The mass abduction by Islamic militants of Nigerian school girls in April sparked protests by parents demanding “Find our Daughters.” A social media campaign, organized around the hashtag #BringBackOurGirls, demanded government action.
Some of the girls abducted in recent months by Boko Haram, and very likely many of those taken from Chibok, have been forced into marriage by the militants.
Sadly, in this they are not alone. Every day, approximately 39,000 girls are married worldwide.
While the Nigerian situation is extreme, forcing any girl into marriage – whether by a family or by an armed group like Boko Haram – causes her untold suffering and long-lasting harm. In Africa alone, according to the United Nations Population Fund, approximately two out of five girls marry or enter into union before they reach 18, often in circumstances that amount to forced marriage, and always in violation of their human rights.
Many of these girls are sexually abused, beaten by their husbands and in-laws, confined in their homes, forced into pregnancy, exposed to serious reproductive health risks, and denied an education.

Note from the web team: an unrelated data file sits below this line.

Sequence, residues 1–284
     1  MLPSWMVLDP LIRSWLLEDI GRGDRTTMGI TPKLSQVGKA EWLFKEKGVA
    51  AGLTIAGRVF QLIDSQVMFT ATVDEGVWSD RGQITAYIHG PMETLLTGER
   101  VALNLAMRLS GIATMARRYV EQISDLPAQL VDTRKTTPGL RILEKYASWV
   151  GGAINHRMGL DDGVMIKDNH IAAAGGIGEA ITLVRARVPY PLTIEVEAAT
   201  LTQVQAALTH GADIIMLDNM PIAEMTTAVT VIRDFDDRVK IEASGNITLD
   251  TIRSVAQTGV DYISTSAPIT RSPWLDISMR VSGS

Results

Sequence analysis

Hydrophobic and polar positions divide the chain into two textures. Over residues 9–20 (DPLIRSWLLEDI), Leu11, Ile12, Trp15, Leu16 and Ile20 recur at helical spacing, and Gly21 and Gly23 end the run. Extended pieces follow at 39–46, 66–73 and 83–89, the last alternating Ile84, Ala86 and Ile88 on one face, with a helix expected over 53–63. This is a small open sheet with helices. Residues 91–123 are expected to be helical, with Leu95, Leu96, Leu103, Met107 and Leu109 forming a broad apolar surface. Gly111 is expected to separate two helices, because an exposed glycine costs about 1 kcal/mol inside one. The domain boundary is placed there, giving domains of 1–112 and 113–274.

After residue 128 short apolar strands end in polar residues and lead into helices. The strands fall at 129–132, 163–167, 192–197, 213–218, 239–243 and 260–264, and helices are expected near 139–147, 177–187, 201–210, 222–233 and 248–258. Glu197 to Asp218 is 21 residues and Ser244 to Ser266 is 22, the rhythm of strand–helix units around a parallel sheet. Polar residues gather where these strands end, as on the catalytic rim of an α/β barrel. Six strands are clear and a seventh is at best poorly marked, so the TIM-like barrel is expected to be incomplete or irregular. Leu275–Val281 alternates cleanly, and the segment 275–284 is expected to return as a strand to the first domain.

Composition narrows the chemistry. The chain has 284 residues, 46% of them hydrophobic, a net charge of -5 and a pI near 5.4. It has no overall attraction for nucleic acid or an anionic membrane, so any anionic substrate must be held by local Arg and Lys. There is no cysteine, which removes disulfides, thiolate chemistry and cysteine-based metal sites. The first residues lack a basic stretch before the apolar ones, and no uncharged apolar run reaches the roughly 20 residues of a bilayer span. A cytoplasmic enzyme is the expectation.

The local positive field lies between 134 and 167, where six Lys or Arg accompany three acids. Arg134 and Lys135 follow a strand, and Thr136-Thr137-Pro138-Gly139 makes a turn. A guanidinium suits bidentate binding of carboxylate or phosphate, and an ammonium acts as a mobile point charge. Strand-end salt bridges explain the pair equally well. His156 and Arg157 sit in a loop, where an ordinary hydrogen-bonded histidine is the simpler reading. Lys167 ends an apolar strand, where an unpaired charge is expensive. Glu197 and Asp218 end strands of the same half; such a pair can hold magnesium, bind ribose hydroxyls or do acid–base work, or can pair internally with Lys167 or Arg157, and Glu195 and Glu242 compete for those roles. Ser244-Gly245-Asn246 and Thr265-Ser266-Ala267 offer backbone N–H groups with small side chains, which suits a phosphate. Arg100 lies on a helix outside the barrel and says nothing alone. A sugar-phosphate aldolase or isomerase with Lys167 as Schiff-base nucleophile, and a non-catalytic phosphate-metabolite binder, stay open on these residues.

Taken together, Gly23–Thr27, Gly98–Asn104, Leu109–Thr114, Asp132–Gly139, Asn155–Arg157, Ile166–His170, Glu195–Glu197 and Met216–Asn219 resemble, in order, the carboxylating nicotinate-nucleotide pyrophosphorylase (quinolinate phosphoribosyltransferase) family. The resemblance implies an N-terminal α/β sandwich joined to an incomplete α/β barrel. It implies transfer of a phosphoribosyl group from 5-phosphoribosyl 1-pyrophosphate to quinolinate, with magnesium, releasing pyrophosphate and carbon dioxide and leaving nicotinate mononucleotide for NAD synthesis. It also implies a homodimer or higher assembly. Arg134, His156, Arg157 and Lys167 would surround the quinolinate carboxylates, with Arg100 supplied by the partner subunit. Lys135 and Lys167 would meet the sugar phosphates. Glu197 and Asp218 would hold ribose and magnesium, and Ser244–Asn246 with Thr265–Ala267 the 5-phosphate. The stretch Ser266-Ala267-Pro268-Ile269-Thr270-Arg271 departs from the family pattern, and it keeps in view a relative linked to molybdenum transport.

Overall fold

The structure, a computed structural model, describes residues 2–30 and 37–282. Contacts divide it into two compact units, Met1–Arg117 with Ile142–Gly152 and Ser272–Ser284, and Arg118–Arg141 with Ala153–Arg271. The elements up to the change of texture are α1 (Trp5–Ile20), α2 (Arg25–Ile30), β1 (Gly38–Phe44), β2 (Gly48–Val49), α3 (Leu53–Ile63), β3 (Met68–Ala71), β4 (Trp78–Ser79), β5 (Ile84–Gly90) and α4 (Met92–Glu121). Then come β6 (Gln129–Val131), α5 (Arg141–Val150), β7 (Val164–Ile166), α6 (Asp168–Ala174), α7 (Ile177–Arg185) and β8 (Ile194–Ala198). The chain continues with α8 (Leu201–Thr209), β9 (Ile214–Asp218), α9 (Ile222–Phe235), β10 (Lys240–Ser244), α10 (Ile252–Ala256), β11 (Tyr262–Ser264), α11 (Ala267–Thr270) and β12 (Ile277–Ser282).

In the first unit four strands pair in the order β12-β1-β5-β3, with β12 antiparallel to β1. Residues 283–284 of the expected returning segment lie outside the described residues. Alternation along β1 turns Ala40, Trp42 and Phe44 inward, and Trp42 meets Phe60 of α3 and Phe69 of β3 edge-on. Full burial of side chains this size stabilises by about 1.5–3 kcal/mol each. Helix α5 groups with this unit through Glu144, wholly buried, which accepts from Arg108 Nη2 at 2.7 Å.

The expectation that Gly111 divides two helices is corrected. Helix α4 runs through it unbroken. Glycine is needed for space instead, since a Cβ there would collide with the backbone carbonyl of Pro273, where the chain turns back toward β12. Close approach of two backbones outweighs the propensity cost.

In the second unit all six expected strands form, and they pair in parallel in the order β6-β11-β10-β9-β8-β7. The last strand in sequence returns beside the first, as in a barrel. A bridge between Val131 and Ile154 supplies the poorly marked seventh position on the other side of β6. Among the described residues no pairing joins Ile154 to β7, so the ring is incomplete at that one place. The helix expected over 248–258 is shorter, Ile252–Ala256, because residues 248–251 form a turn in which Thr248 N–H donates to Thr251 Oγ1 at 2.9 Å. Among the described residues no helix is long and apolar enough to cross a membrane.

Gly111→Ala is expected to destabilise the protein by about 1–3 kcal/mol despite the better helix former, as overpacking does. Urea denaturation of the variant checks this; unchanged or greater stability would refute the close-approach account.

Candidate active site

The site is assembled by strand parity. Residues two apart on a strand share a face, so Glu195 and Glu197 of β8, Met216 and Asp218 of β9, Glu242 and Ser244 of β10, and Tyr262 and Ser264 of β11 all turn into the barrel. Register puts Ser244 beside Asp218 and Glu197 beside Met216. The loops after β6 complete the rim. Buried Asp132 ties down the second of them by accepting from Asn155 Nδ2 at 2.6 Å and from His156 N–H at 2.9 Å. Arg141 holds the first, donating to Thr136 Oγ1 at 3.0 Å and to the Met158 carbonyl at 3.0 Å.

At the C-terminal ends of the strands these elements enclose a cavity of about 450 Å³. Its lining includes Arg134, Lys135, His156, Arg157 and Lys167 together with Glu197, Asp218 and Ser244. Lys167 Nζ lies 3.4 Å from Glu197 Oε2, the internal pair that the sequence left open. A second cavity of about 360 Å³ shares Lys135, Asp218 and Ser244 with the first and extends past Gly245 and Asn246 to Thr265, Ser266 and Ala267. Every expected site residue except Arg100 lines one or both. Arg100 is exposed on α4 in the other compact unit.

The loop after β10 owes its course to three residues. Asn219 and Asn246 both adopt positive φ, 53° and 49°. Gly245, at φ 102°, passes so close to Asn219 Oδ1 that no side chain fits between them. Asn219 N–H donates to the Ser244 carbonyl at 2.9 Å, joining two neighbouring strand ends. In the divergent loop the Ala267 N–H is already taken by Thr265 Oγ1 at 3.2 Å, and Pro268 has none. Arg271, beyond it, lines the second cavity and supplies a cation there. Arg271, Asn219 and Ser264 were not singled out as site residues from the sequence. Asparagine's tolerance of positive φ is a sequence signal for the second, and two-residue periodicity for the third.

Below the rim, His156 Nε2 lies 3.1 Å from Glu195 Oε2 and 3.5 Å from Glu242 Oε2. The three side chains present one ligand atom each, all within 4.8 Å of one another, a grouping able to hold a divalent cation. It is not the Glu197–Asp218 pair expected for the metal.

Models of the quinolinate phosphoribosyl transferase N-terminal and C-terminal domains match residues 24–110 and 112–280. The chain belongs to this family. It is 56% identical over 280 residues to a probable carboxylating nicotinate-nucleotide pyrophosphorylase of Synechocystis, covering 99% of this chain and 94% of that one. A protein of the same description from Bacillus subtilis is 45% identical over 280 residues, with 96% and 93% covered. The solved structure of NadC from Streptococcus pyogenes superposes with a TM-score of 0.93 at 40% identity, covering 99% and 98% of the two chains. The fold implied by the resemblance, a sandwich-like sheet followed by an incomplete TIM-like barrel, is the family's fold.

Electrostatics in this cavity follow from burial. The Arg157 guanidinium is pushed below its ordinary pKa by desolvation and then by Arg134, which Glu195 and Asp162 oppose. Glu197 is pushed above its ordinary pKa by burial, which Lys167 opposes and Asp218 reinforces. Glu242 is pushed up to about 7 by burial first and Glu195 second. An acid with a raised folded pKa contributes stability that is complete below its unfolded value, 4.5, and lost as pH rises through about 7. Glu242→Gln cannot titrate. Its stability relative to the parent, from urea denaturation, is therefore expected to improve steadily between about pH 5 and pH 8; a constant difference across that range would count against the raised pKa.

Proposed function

Some girls believe forced marriage is a fate worse than death. In October 2010, a primary school girl in South Sudan’s Wulu County killed herself with a gunshot to the head after her parents forced her to marry. I heard many stories as I interviewed people in South Sudan of girls who committed suicide rather than marry an older man they did not know, or love.
“My sister says she might kill herself,” Agata N. told me about her sister, whose father forced her to marry a boy who had made her pregnant.
“Rachel B., 15, loved studying, and was resisting a forced marriage despite severe beatings from her family. “On the third day I escaped and returned home,” she told me about her escape from forced marriage in South Sudan. “I told them that I would kill myself if I had to go [with the man].” She told police about the abuse, but they did nothing to protect her. She sought refuge at a children’s shelter, but her family showed up, armed, and took her away. I don’t know what happened to her or where she is today.
The government of Nigeria urgently needs a strategy for finding the girls abducted by Boko Haram, and for preventing further abductions. It should also address the medical and psychosocial needs of the girls upon their return, as well as the needs of other girls previously abducted. My heart goes out to their parents, relatives, and friends.
As the world stands in solidarity with the Nigerian families, let’s consider the plight of child brides around the world. Today, on the Day of the African Child, let’s all stand in solidarity with them by calling on our families, communities, and governments to end the harmful practice of child and forced marriage.